Most parents try to treat all of their children the same way. We know it’s important to be fair, but is it really possible to be equal when it comes to our kids? Linda Morgan, editor of ParentMap and author of the book Beyond Smart, explains more.
Do we really play equal with our kids?
We don’t play equal with anyone. We react to different personalities and temperament. Our kids are all different –with individual needs, personalities and quirks. And our own personalities differ; the way we interact with our kids is very much dependent on their temperament and ours. We can always be fair, but not always equal.
What else influences the way we treat our kids?
The culture – outside influences and changes. What might be true when you raise one child might no longer be relevant even a few years later. There are changes in technology, in media, in safety concerns, things like cyber bullying, rules about how kids use cell phones or Facebook. Birth order also affects the way we treat our kids. We might have greater expectations for oldest kids and give them more responsibilities. And gender. But we know that parents treat boys and girls differently from babyhood on. And we realize boys and girls come with inborn differences that affect the way we relate to them.
Do kids notice that things aren’t always equal?
Of course. But a lot of that’s just normal sibling stuff. The trick is parents must be clever and strategic about appearing equal. If one child thinks his parents like his sibling more, he’ll hate the sibling. Don’t talk up the other kid’s straight A’s, for example, in front of his brother.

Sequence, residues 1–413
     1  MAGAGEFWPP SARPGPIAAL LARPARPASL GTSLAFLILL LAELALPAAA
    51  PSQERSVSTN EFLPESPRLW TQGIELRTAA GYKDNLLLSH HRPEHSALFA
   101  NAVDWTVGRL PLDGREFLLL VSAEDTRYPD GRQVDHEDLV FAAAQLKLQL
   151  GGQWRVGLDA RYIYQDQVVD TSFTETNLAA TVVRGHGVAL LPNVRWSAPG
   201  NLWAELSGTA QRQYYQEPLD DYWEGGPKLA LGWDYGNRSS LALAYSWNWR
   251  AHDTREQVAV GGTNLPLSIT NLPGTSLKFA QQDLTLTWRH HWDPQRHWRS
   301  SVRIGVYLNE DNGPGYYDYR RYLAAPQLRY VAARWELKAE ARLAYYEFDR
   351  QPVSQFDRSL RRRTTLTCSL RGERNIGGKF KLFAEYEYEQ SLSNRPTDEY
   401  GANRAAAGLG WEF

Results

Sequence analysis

What can we do to be as fair and equal as possible?
Set the same rules. Set the same rules for everyone. Privileges will change, but rules shouldn’t. They all might have chores and have set times to do homework, for example. These might vary according to their ages, but basic rules don’t have to change.
Don’t compare. Comparing kids is poison in the family. That’s just asking for trouble. If you compare siblings directly in front of them, one sibling will resent the other because she’ll think that you like her less.
Create one-on-one time. Though spending time with your children together is a great way for everyone to bond, it’s also important to invest in some one-on-one time with each child. Even if you aren’t spending the exact amount of time with each child, at least make that you are spending some quality time with each one.
Sometimes, it’s just not fair. Don’t try to be equal and fair to all your children at all times. Different people have different needs. Tell them that. And remember - if we were to treat all our children exactly the same, they would still grow up thinking we didn’t!